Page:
Attracting and retaining Science, Engineering, Technology and Math (STEM) talent remains one of the most pressing challenges within the US pharmaceutical industry.
To illustrate the problem, a report released by the Pharmaceutical Research and Manufacturers of America (PhRMA) trade body cited that 60% of the US’s pharmaceutical industry jobs could be vacant by 2025.
What are the underlying causes? And what’s being done to address the hiring challenge?
I’ve taken a look at:
- Pharma’s reliance on STEM talent
- Skills shortages and competition
- How pharma is growing valuable partnerships
The need for STEM skills
The US has traditionally been a world leader in pharmaceuticals, accounting for about 35% of the global market. Around 850,000 people work in the biopharmaceutical sector, supporting more than 4.4m jobs.
And owing to the niche skills required the industry pays salaries far above the national average.
However, finding these often-complex capabilities is becoming increasingly difficult.
Added to that, STEM jobs are growing faster than other occupations
Biopharmaceutical manufacturing alone employs more than four times the share of STEM workers relative to the overall economy (27% share of STEM jobs compared to 6% share in all other industries).
In short, there’s a ton of STEM roles to fill to ensure continued medical development and economic growth.
The US is falling behind the competition
A lack of focus on STEM education and increased competition from overseas are two key factors weighing down on the US pharmaceutical sector.
PhRMA’s vice president of policy and research, Anne Pritchett, has offered up her thoughts on the skills gap.
She told Pharmaceutical Technology: “R&D intensive industries like ours could be located in any country. If we get to a point where the policies and the STEM workforce in another country outweigh what we have in the US, there’s a real fear that we will lose our competitive edge.”
The reality is, all aspects of the industry, from research and development to manufacturing, require highly-skilled workers.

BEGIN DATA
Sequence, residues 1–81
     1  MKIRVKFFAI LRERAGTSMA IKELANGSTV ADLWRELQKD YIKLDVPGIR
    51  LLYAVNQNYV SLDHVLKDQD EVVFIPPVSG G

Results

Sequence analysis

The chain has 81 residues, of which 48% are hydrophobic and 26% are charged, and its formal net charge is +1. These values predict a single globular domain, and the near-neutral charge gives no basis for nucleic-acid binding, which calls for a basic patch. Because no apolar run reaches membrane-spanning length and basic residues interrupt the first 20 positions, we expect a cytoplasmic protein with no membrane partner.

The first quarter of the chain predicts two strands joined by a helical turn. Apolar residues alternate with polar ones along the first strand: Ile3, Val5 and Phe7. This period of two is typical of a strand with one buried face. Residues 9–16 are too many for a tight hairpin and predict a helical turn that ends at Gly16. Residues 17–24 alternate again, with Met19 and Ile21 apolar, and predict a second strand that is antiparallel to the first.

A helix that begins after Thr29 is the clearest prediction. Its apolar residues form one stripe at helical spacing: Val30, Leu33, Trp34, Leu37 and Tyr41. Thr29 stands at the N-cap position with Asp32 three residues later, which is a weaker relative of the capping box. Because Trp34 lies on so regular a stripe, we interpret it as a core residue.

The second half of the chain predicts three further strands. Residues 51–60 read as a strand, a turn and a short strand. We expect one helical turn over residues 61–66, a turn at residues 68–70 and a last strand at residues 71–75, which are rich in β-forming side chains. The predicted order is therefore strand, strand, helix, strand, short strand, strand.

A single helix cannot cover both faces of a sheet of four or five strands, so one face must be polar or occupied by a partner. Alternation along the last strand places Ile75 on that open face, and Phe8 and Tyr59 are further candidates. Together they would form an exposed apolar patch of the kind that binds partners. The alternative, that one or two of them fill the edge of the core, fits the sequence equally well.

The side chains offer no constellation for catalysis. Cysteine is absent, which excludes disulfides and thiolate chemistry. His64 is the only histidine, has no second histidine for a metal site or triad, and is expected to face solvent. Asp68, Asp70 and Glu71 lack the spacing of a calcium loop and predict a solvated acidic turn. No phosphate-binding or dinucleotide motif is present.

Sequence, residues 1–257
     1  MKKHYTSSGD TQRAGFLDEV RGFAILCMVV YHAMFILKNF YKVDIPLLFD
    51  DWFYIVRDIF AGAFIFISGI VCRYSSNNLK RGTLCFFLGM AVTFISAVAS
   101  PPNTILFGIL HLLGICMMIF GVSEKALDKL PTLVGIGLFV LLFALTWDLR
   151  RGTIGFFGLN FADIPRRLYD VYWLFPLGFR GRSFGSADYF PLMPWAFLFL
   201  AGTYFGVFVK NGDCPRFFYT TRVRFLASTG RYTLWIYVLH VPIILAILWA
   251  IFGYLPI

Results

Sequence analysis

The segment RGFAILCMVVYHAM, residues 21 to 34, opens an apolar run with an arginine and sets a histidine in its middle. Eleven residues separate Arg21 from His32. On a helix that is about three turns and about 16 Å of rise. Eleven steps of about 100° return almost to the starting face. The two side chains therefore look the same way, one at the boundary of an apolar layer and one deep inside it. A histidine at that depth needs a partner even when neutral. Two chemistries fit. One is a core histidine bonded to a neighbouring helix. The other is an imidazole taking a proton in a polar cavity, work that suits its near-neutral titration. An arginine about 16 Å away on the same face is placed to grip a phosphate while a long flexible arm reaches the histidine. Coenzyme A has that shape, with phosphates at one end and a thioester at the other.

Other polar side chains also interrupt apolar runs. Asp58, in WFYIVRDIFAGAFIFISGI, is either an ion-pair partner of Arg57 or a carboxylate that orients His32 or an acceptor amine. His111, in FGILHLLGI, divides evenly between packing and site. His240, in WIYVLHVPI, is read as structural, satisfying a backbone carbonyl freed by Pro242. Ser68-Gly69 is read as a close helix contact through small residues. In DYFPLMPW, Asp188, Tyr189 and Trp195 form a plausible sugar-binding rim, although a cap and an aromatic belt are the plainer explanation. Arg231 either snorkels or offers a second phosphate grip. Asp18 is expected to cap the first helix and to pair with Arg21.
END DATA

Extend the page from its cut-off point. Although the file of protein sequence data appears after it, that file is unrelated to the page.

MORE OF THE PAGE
Pritchett argues that to meet these requirements the US needs to bolster its STEM education. Or risk falling behind emerging competition from countries such as the United Kingdom, China, Australia and Canada.
She continued: “What’s different now is that we have other countries that have developed policies that have specifically focused on improving their global competitiveness when it comes to medical innovation and that are making sustained investments. They are looking at what we have done well in the US and seeking to replicate that and surpass us.”
How US Pharma is fighting back
The pharmaceutical industry relies on having a strong bond with the world of academia. And while there’s still a long way to go, there is evidence of important partnerships between the two.
PhRMA’s report Enhancing Today’s STEM Workforce to Ensure Tomorrow’s New Medicines uncovered the ways some biopharmaceutical companies are partnering with colleges and universities to develop the next generation of STEM workers.
According to the report, biopharmaceutical companies and their foundations have partnered with 53 individual colleges and universities in support of 75 educational programs emphasizing hands-on, experiential learning through a focus on industry-relevant learning.
These partnerships are happening at all levels of the postsecondary pipeline from various certification and associate’s programs through master’s and doctoral programs and worker training programs.
Meanwhile, STEM: Building a 21st Century Workforce to Develop Tomorrow’s New Medicines, highlights the significant contributions of the biopharmaceutical industry to STEM education.
The report found that over the course of just five years, two dozen PhRMA-member companies supported more than 90 individual initiatives, reaching over 1.6 million students and 17,500 teachers across the U.S.
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